Universitätsbibliothek HeidelbergUniversitätsbibliothek Heidelberg

Penrose, Francis
An investigation of the principles of Athenian architecture: or the results of a recent survey conducted chiefly with reference to the optical refinements exhibited in the construction of the ancient buildings at Athens — London [u.a.], 1888

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right hand, are sinkings as if made for the insertion of steps descending towards the right. In the
foundation of this part of the wall marble is used, but the courses which range to the left hand of the
doorway, and which were no doubt covered by the pavement, are of poros stone. The doorway is
covered by a massive lintel on which is a trace, shown in dotted lines on the plate, partly flat and partly
sloping, as of some kind of roof or beam which lay against the wall, but was not chased into it. Under
the central statue of the south or Caryatid portico the rough retaining wall, composed of blocks of the
local rock, and which has been shown to be the sub-basement of the temple which in Chap. I. Sect. II.
has been named the Cecropium, intersects and indeed passes under the wall of the portico. At this
point about 10 feet of the lower courses of the western wall of the temple have been destroyed and
rebuilt with more modern material. Above this one enormous stone nearly 15 feet long and 5 feet deep
occupies the depth of several ordinary courses, and can hardly have been placed there without some
purpose. It could not have been the lintel of a door of access to the south portico, as an examination
of its interior will show (see Plate XLIV.), indeed the rough wall mentioned above runs completely
under the portico and occupies almost all the space where the entrance would have been. A suggestion
respecting the purpose of this stone will be offered at the end of the chapter.

By reference to Plate XLII. it will be seen that against the podium of the south portico, and founded
on the rough wall already mentioned, is the trace of a thin screen wall which appears to have been
combined with certain attached piers which would serve as buttresses to it.1 Southwards of this screen
the string of the podium is carved into the egg and tongue ornament; for the rest of its length it is plain.
And of the engag'ed half columns which surmounted the west wall of the temple, the base of that nearest
the south portico, together with the base of the adjacent anta, has been left unfinished and unchannelled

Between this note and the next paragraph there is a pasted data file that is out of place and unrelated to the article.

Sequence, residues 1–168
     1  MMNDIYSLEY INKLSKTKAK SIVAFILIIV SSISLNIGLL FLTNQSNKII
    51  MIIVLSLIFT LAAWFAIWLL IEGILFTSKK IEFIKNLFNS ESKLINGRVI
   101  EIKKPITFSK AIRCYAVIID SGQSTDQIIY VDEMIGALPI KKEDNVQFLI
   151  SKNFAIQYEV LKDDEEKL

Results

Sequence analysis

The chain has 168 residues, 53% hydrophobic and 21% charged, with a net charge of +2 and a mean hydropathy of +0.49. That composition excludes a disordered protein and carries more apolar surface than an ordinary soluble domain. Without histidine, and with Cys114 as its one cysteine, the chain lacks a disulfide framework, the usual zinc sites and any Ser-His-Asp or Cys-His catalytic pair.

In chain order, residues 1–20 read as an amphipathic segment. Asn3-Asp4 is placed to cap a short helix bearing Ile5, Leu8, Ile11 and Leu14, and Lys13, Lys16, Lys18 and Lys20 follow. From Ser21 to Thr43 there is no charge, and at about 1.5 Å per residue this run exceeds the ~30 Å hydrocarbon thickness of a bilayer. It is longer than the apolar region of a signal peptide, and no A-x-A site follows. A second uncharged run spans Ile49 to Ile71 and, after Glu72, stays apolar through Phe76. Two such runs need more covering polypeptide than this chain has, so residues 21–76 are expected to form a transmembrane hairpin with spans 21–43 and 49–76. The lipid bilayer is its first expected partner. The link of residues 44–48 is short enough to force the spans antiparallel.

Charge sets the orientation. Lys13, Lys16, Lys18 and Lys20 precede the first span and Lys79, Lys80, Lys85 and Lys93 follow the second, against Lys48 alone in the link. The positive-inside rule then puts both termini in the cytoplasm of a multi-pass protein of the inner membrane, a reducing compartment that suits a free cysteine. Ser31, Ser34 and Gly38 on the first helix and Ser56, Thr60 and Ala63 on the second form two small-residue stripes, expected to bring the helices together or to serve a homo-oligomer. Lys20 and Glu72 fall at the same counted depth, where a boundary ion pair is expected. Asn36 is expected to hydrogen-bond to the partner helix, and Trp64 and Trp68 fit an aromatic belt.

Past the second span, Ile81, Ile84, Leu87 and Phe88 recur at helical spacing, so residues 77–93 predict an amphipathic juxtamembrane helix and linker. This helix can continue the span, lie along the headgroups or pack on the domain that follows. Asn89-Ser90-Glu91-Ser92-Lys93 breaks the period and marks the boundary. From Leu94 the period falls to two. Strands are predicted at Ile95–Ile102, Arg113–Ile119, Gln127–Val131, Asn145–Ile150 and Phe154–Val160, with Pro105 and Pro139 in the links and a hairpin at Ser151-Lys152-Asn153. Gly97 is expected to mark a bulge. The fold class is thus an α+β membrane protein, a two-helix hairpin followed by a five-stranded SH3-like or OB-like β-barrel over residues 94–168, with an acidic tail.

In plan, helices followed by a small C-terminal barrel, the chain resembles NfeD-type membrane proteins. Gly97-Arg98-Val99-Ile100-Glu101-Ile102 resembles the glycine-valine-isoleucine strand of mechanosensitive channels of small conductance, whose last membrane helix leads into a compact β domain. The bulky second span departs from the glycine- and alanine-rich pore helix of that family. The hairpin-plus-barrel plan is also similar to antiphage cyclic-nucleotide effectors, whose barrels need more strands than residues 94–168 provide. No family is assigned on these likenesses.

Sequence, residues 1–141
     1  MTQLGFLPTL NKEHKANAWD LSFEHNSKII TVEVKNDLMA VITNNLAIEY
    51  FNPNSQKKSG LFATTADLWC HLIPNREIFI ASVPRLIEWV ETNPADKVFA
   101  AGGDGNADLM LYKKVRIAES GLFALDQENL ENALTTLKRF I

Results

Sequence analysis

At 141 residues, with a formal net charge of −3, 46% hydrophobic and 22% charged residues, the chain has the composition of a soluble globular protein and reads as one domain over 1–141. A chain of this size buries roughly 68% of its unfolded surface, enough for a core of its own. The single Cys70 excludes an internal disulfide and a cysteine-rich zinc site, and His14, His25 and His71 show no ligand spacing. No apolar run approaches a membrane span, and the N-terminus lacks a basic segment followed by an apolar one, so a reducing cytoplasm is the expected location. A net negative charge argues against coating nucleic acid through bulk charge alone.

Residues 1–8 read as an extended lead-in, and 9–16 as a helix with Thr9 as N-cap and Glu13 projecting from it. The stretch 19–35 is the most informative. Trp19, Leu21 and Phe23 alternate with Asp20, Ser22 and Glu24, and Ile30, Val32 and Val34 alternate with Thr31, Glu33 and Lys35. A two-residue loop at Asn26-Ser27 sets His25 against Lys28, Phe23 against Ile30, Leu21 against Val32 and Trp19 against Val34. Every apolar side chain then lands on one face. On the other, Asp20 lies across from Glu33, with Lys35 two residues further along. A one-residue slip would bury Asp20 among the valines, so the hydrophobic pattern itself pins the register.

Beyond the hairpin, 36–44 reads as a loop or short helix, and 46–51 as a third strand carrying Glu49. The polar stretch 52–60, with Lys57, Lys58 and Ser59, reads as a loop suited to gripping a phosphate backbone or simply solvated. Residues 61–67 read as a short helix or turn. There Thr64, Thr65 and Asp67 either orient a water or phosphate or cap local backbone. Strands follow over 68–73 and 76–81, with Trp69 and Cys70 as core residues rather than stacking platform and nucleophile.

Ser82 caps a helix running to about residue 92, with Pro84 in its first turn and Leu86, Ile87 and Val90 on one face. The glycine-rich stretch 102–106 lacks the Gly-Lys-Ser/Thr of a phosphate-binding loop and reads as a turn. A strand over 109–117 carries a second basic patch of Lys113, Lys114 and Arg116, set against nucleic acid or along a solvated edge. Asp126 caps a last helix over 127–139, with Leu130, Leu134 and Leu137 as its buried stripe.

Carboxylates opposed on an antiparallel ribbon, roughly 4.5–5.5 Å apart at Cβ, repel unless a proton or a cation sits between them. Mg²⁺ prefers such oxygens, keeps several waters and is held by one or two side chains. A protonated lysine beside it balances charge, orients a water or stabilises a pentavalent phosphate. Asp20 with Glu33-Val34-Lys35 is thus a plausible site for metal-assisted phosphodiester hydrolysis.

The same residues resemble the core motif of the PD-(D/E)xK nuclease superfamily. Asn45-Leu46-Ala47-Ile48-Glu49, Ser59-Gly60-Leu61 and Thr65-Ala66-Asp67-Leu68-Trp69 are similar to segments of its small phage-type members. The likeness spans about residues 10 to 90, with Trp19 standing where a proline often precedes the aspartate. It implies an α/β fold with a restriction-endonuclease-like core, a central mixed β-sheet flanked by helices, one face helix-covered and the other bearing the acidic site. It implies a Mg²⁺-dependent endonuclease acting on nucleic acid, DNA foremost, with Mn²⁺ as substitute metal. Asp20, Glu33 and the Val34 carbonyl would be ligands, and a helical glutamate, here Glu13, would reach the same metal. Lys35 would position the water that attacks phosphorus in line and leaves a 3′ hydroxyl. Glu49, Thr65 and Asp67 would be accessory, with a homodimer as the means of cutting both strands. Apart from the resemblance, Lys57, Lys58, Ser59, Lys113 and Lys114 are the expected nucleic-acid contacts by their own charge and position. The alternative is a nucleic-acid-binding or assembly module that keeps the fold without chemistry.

on the upper torus. It is therefore evident that some roof or structure which has perished must have
occupied the space where these mouldings have been so left.

It is remarkable too that the principal horizontal mouldings which now remain upon the western
wall are not stopped nor returned in any way; for instance, both the cornice over the Caryatides and
the podium string beneath them, and also the mouldings below the bases of the engaged columns, are
cut off square at the lines of the main anta; of the front. The vertical lines of the antae are carried down
by a shallow vertical channel cut on the face of the great stone already mentioned.

Over a portion of the rubble work, towards the left hand of the front, is a projecting stone which
served as a sort of pent-house roof over the small doorway which communicated with the north portico.
The dotted lines underneath (Plate XLII.) show the depth at which the Neptunian marks (which will
be described further on) are found; and to the left hand of the plate is a section of the coffered ceiling
of the portico. This was evidently enriched with flowers or other ornaments of metal suspended
through the holes pierced through the coffers.

The peculiar construction of the stylobate (Plate XLIII.) should be noticed, both the external steps
being cut out of one stone and the combined thickness passing completely through the wall and extending
to some considerable distance inside. The internal pavement was certainly at the level of the top of the
lower of the two steps—so there was probably also an internal step against the wall. This step most
likely extended along the whole width of the temple, but about 5.3 feet of its length has been entirely
destroyed at the southern end. Also there is a bedding showing original toolmarks on each side of the
western door and on the level of the pavement; so that the step at this part, if it existed, must have been
distinct from the through wall stones. The large tank, which extends from the western wall to the
western cross wall, has all the appearance of having been original, though it has been repaired and
vaulted more recently; it probably received a great part of the rainwater from the temple roof, and
would have supplied the water required for the garden of the Pandroseum. It does not seem necessary
to look here for any connection between this tank and the Neptunian sea, which would be more
conveniently filled from one near the eastern stylobate of the north portico. Marble slabs about 12 feet
long and of the thickness of one of the steps would have sufficed for the pavement of this part of the
temple and for the cover of the tank, and it is likely that the through stones above mentioned had
some reference to the firm fixing of this pavement.

1 The foundation of one of these piers remains on the rough wall adjoining the podium, and a detached bedding on the rock below, marked
A on Plate XLL, was presumably in connection with them.